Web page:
Essential AWS - IAM Best practices

My way to AWS Solutions Architect

IAM best practices

  1. Lock down the AWS root user

    The root user is an all-powerful and all-knowing identity in your AWS account. So, you need to be careful with malicious users were gain control of root-user credentials.

    • Don't share the credentials associated with the root user.

    • Consider deleting the root user access keys.

    • Activate MFA on the root account.

  2. Follow the principle of least privilege

    • To grant only the necessary permissions to do a particular job and nothing more.
  3. Use IAM appropriately

    • IAM provides a way to create and manage users, groups, and roles to access resources in a single AWS account.

      NOT used for website authentication and authorization.

      NOT support security controls for protecting operating systems and networks.

  4. Use IAM roles when possible

    • Maintaining roles is more efficient than maintaining users. When you assume a role, it provides temporary credentials that expire after a defined period of time. Users, on the other hand, have long-term credentials, and these only expire when you or the account admin rotates the keys.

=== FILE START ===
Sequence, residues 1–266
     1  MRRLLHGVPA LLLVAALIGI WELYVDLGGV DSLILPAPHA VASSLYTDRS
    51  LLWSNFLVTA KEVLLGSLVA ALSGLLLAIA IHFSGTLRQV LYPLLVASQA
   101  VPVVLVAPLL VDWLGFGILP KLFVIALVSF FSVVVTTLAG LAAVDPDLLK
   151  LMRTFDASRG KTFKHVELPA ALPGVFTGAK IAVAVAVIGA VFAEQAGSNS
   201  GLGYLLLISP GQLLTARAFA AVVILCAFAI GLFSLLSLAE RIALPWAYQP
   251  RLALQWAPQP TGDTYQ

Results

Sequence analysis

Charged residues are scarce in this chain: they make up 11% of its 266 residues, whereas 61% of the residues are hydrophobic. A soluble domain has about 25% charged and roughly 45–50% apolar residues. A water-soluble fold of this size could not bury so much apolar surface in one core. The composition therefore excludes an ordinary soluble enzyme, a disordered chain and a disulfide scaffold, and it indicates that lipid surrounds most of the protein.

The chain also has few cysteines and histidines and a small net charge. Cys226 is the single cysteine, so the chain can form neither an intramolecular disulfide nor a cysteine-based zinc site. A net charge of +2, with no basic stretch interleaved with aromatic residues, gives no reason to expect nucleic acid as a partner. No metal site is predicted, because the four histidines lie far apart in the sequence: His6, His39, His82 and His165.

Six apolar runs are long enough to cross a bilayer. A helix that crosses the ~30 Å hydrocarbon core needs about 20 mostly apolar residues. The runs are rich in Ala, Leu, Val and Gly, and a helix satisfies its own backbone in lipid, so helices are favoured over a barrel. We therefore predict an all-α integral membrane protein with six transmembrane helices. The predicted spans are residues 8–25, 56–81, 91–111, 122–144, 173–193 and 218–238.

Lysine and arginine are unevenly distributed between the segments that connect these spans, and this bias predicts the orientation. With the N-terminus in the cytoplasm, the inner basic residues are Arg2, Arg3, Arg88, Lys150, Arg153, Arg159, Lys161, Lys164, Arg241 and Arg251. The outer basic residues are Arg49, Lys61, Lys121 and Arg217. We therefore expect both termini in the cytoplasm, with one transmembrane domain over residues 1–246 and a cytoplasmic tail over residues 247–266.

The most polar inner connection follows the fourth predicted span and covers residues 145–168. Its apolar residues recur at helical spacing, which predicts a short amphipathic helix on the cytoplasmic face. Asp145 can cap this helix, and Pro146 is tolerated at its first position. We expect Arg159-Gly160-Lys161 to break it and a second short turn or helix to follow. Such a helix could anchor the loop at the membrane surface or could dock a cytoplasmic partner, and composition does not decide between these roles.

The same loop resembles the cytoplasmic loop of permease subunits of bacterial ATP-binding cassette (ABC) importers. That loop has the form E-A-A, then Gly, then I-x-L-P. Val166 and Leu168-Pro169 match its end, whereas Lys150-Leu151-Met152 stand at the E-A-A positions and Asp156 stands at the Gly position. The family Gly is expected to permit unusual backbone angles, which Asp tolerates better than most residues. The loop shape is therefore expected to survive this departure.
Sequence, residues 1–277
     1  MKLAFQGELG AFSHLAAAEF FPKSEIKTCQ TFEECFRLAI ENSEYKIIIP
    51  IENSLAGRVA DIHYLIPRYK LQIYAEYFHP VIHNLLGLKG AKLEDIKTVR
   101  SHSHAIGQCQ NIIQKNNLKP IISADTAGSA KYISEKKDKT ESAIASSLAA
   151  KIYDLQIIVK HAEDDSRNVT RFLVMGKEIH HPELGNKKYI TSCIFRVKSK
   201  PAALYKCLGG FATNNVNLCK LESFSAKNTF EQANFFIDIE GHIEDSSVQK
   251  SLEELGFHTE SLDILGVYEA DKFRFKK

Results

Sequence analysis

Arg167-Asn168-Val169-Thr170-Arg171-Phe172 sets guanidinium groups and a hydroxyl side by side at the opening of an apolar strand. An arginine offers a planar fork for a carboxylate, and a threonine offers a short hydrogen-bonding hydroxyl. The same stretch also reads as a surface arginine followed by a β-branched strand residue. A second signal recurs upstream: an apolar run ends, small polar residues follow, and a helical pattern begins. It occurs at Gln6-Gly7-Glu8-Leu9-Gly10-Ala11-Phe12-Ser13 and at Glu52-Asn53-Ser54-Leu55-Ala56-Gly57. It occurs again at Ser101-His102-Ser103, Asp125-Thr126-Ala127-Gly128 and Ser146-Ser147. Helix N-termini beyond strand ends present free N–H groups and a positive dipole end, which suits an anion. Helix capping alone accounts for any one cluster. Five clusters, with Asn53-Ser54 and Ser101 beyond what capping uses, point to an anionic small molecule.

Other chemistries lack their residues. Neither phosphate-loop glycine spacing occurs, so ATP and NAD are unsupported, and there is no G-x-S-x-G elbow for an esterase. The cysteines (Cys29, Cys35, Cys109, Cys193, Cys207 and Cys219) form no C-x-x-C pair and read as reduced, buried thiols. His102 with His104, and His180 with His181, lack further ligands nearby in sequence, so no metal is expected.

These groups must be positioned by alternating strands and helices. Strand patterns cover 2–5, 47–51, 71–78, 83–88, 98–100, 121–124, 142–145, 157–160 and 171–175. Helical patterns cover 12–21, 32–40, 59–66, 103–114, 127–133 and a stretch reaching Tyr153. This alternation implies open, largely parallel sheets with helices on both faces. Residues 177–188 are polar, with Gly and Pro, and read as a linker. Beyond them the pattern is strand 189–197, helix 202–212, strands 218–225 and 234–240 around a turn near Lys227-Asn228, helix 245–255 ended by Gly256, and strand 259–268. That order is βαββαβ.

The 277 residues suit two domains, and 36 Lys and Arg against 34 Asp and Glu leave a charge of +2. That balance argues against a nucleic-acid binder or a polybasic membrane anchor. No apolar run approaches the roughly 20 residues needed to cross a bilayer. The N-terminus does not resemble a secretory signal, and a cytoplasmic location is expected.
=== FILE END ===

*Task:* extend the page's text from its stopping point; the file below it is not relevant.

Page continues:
5. Consider using an identity provider

    • An identity provider provides a single source of truth for all identities in your organization. For example, your employee Matcha has access to multiple AWS accounts. Instead of creating and managing multiple IAM users for each of those AWS accounts, you could manage Martha in your company's IdP.
  6. Regularly review and remove unused users, roles, and other credentials

    • IAM provides last accessed information to help you identify irrelevant credentials that you no longer need so that you can remove them, reducing the number of resources that you have to monitor.